The outbreak of hostilities in Korea in June 1950 increased the Navy's need for minecraft. Accordingly, Toucan was recommissioned on 27 October and operated on the west coast for more than a year. On 4 January 1952, Toucan sailed for Sasebo and called at Pearl Harbor and Midway Islands before reaching Sasebo on 2 February. She commenced Korean War operations in the Hungnam and Wonsan areas on 21 February, streaming her sweeping gear and hunting for the dangerous North Korean mines. With periodic repairs at Sasebo, Toucan operated primarily off Wonsan. From February through August 1952, the ship fired more than 8,000 rounds of ammunition at Communist shore targets — trading fire with the enemy on many occasions and dodging everything from 76 millimeter shells to small arms fire.
Her duties included the disruption of the North Korean fishing trade. The ship took 13 prisoners while destroying three sampans and damaging 22 more. The minesweeper also scored hits on enemy bunkers, box cars, and railroad trestles before departing Korean waters on 1 August to head for Long Beach, California.
The minesweeper returned to the Korean fighting zone the following year and continued her sweeping and interdiction operations in the vicinity of the Cho-Do, Paengyoung-Do, and Cheju-Do island areas from June to September 1953. The ship sailed for California and operated along the west coast from the time of her arrival at Long Beach on 3 December 1953 through 17 July 1954.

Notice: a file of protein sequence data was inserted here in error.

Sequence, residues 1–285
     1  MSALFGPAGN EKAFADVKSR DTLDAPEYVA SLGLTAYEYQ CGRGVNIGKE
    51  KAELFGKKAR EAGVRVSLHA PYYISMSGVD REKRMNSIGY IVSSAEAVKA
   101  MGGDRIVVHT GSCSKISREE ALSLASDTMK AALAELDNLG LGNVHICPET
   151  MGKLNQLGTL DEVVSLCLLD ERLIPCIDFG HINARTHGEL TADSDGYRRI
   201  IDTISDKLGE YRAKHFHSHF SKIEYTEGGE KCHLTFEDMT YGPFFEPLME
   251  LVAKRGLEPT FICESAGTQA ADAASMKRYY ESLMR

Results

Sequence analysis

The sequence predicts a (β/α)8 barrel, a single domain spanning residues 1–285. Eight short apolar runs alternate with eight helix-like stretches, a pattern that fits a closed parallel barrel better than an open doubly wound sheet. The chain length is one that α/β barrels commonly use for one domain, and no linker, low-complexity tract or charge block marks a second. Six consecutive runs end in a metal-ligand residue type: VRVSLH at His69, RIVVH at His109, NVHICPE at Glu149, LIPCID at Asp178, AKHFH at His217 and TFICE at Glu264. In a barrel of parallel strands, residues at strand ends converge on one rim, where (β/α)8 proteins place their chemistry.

Toucan returned to the Far East in the summer of 1954 and reached Incheon, Korea, on 14 August. Two days later, she got underway for the west coast of Korea and operated primarily in the Taeyongyong-Do and Tojang Po vicinity. She departed Sasebo on 11 January 1955 and proceeded to Hong Kong only to return to Japanese waters a fortnight later. Her stay at Sasebo was brief. Four days later, she weighed anchor for Keelung, Formosa, and thence moved to the Tachen Islands. On 7 February, the minesweeper took part in the evacuation of Chinese Nationalists from the Tachen group and disembarked the evacuees at Sasebo a week later. During this mission, on 7 February 1955, Toucan was redesignated MSF-387.
Departing Sasebo only two days after her arrival from the Tachens, Toucan headed home and arrived at Long Beach, California, on 11 March. She operated on the west coast as a unit of Mine Division 71 until August 1956 when she began another deployment to the Far East. She called at Yokosuka, Kobe, Sasebo, Fukuoka, Beppu, and Kagoshima, Japan, as well as Keelung, Formosa, before returning to Long Beach on 21 December.
Decommissioning and transfer to Taiwan
On 1 May 1957, Toucan was inactivated and assigned to the Pacific Reserve Fleet, berthing at the Columbia River, Oregon, Group. Upon disestablishment of this group, the minesweeper was transferred to Bremerton, Washington, where she remained until 27 May 1964. On that day, she was withdrawn from the reserve fleet for conversion and transfer to the Republic of China, effective on 22 December 1964.
- This article incorporates text from the public domain Dictionary of American Naval Fighting Ships. The entry can be found here.
- Photo gallery of USS Toucan at NavSource Naval History
- Ships of the U.S. Navy, 1940-1945 AM-387 USS Toucan
- Facebook group Crews of the USS Toucan, AM387 (MSF387), 1944-1964.